A Couple Tailwinds We Believe Are Poised to Blow in Active Managers’ Favor

Posted by Dana Funds Investment Team on Apr 24, 2020 10:23:41 AM

The arguments in favor and against active management are too long to tackle in a single blog post – and we won’t try to do so here. But as stocks find their footing after March’s downturn, we believe there are a couple important factors poised to work in active managers’ favor: size and quality. Both elements could be significant tailwinds for active managers in the months ahead, particularly when considering the composition and performance of indices heading into the slide.

In Current Environment, Quality Matters

Investment philosophies and styles vary, but many active managers – including Dana – emphasize “high quality” companies in the stock selection process. This means a preference for companies with stronger balance sheets, durable earnings streams and lower debt levels. Conversely, it means avoiding companies with high debt, and relatively low return on equity (ROE)* or return on assets (ROA)**.

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Are Small Caps Poised to Lead Again?

Posted by Dana Funds Investment Team on Apr 17, 2020 9:47:21 AM

While 2020 has been rough for all stocks, the pain has been most acute among small caps. As of April 15, the Russell 2000 Index was down -28.73% this year, a little more than twice the drop of the Russell 1000. While losses have been painful, we would encourage investors to stay patient; there is a strong case for small caps to take a market leadership position in the months ahead.

That case starts with relative valuations. Small caps have historically had higher valuations than large caps, but the valuation differential between the two groups is in the 21st percentile.¹ In plainer terms, that means the valuation disparity between small and large caps is this close less than a quarter of the time. Following these cheaper relative valuation extremes, small caps tend to recover.

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Five Stats to Keep Clients Invested Through a Volatile Market

Posted by Dana Funds Investment Team on Apr 9, 2020 1:43:07 PM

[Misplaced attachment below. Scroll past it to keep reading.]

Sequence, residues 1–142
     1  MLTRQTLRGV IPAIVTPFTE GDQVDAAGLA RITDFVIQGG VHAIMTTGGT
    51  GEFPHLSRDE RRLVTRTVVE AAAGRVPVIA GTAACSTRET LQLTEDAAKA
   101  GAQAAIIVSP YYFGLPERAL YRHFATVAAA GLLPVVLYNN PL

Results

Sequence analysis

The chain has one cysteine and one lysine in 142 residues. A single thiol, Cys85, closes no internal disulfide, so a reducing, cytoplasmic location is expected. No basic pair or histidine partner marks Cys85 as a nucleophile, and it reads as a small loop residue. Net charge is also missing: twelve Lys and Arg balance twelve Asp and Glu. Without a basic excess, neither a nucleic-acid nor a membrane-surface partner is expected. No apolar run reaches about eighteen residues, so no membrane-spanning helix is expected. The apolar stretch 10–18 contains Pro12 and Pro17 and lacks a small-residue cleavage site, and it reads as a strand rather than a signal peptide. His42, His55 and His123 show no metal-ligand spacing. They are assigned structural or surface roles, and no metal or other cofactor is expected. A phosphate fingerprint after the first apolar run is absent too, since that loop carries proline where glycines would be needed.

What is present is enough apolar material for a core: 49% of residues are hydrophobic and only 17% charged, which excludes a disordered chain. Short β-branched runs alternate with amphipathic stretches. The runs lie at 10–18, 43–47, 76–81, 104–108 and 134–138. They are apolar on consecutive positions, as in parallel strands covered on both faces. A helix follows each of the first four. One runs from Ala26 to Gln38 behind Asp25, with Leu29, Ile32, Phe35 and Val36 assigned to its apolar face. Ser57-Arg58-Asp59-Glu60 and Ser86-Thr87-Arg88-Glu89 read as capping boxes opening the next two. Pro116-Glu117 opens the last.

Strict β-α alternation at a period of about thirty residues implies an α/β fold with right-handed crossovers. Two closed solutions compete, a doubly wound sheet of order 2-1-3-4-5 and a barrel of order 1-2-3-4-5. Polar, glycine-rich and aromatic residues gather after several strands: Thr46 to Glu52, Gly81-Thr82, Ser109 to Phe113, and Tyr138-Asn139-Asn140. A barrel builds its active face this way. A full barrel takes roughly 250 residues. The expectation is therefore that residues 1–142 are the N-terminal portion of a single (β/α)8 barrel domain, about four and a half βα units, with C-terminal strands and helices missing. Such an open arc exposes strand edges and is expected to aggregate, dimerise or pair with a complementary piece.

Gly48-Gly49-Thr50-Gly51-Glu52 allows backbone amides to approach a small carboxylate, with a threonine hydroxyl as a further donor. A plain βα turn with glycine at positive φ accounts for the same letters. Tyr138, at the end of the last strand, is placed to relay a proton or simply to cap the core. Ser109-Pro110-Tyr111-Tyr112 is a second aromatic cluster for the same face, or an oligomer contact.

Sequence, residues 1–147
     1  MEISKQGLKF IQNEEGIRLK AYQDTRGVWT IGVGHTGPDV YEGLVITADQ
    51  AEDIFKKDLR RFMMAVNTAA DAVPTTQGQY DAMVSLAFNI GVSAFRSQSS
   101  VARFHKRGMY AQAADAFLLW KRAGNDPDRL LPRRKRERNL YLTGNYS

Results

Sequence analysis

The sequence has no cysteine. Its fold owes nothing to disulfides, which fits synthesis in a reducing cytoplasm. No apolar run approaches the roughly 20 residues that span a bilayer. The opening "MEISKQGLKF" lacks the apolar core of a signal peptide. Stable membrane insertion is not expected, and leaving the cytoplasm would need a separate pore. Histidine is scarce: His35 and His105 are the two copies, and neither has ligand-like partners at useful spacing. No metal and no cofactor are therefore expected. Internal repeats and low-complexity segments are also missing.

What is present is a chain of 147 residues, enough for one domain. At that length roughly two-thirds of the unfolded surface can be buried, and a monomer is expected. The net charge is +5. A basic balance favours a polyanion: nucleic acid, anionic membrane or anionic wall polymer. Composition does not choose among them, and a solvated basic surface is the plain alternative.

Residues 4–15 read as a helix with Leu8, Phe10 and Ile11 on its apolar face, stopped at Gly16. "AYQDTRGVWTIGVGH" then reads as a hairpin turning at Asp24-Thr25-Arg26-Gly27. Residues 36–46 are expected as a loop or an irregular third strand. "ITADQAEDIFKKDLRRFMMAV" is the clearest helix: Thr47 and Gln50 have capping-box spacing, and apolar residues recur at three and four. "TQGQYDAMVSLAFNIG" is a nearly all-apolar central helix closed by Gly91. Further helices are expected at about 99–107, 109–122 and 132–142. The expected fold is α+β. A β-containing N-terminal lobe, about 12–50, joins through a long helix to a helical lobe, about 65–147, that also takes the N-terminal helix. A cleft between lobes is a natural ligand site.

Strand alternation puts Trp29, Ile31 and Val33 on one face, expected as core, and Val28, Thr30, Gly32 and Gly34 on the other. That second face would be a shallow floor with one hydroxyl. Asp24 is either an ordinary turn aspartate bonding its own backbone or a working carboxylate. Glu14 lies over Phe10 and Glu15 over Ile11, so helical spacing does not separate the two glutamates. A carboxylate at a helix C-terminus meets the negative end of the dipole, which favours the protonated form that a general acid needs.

It’s a natural reaction to every bear market. As stocks plummet, clients start wondering whether they should pull money out of equities and wait on the sidelines until conditions improve. If you’re an advisor, you may have had several conversations along these lines recently. We salute your efforts to help clients stay the course.

At Dana, we realize the importance of staying fully invested and reflect it in our investment process, which dictates that funds hold minimal cash. Our view is that it is always better to stay fully invested because not even experts can perfectly time a rebound.

However, we know it can be challenging for advisors to keep their clients invested through a downturn. In the spirit of helping, below are five quick-reference stats and charts we’ve collected that paint a picture of why we believe it’s important to stay in equities through the entire market cycle:

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2020 Performance Underscores Futility of Sector Bets

Posted by Dana Funds Investment Team on Apr 2, 2020 4:13:22 PM

As 2019 ended, the backdrop for the energy sector looked relatively solid. Oil prices were up more than 30% in 2019, and future demand appeared firm, as cooling trade tensions between the U.S. and China led many to believe the economy would improve.

It would have been hard for nearly any expert to predict what would happen next. The coronavirus has severely affected the global economy and, in turn, sapped energy demand. At the same time, a price war between Russia and Saudi Arabia has also driven oil prices lower. As a result, the S&P 500 energy sector is down nearly 52% this year, trailing well behind the next biggest sector laggard – financials – which is down 31%.